The airport also features 17km of roads, three dedicated interchanges, an 85m-high control tower, a 150,000m² aircraft maintenance centre, A five-star luxury hotel and a three-star transit hotel are also included in the plan, all with an oasis theme, with wave-styled roofs and desert plants grown in recycled water.

Hamad International Airport, Doha
The new terminal is designed to handle nearly 12 million passengers in phase one. The airport will be developed in three phases. There is a separate terminal for the Emir of Qatar and another general aviation terminal, a 510,000m2 passenger terminal with 40 gates and one cargo terminal. It includes one of the world’s largest airport catering facilities.

Total construction comprises around 18 packages. The project is expected to be completed by the second half of 2013 and will be operated by Qatar Airways.

PERI has undertaken part of the above mentioned packages by supplying formwork systems and solutions to meet each package.

King Abdulaziz International Airport (KAIA)
Located 19km north of Jeddah and named after King Abdulaziz Al Saud, King Abdulaziz International Airport (KAIA) is Saudi Arabia’s busiest, but only the third largest airport facility.

Completed in 1981, it today handles 18 million passengers annually, the majority through the acclaimed 465,000m2 Hajj terminal, designed by Bangladeshi Eng. Fazlur Rahman Khan, of Skidmore, Owings and Merrill (SOM), and engineered by Horst Berger while at Geiger Berger Associates.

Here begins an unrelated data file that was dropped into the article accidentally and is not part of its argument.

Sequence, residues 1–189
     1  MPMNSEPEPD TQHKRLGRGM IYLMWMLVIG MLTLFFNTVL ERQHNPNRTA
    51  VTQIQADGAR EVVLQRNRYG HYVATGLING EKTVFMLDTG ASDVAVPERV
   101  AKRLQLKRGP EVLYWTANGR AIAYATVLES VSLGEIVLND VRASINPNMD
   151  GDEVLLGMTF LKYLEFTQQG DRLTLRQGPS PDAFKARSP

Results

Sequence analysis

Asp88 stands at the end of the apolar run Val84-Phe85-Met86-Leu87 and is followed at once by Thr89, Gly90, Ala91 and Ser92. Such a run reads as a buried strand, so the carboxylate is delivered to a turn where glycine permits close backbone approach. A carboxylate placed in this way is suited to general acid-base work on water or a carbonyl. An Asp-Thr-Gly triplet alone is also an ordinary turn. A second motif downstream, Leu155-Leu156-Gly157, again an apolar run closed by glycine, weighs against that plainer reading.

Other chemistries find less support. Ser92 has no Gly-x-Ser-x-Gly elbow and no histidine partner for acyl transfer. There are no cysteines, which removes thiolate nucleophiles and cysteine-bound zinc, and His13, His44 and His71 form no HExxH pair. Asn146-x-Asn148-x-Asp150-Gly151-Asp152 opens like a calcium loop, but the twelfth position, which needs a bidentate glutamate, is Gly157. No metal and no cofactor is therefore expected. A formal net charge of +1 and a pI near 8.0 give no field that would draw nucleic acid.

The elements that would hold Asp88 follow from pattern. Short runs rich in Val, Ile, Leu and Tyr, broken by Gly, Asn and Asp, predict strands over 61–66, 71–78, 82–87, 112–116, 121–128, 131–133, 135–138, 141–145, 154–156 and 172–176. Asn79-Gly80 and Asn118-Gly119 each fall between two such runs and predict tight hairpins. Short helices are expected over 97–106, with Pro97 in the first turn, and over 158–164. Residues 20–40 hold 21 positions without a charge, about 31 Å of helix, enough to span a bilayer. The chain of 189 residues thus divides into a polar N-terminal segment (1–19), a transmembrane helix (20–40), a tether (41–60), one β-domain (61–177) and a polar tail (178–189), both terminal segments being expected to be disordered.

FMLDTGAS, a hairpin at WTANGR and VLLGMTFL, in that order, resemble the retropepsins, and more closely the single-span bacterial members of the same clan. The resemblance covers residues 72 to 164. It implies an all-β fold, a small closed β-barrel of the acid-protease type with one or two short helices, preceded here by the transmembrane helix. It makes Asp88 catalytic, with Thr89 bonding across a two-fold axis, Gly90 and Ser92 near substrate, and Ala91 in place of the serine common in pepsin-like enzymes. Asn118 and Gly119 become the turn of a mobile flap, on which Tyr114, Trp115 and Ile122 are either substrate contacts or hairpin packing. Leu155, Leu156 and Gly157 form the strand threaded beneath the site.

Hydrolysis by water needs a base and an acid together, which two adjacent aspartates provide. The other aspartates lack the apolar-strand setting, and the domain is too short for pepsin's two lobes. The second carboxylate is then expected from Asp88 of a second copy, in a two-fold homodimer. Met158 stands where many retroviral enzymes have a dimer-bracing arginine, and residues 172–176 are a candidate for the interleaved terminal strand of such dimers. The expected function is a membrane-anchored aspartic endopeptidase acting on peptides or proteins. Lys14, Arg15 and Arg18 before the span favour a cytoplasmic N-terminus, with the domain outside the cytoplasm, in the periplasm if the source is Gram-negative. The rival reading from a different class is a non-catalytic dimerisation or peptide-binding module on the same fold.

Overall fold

The first half of the terminal contains air conditioned buildings; the second half is a vast, open-sided temperate waiting and support area. The tent-like roof structure consists of 10 modules of 21 semi-conical Teflon-coated fiberglass roof units, each module supported by 147-foot tall steel cables along the rooftop.

The structure can shelter up to 80,000 pilgrims at a time, and has seen more than 40 million over the course of the annual pilgrimage.

Redevelopment began in 2006 and is taking place in three stages, scheduled for completion by 2035, when ultimate capacity will reach 80 million annual passengers. The kingdom’s largest contractor, Saudi Binladin Group, secured two of the largest contracts on the project in February 2011 by producing the lowest bids: $3bn for a 67-hectare terminal and $3.7bn for the infrastructure.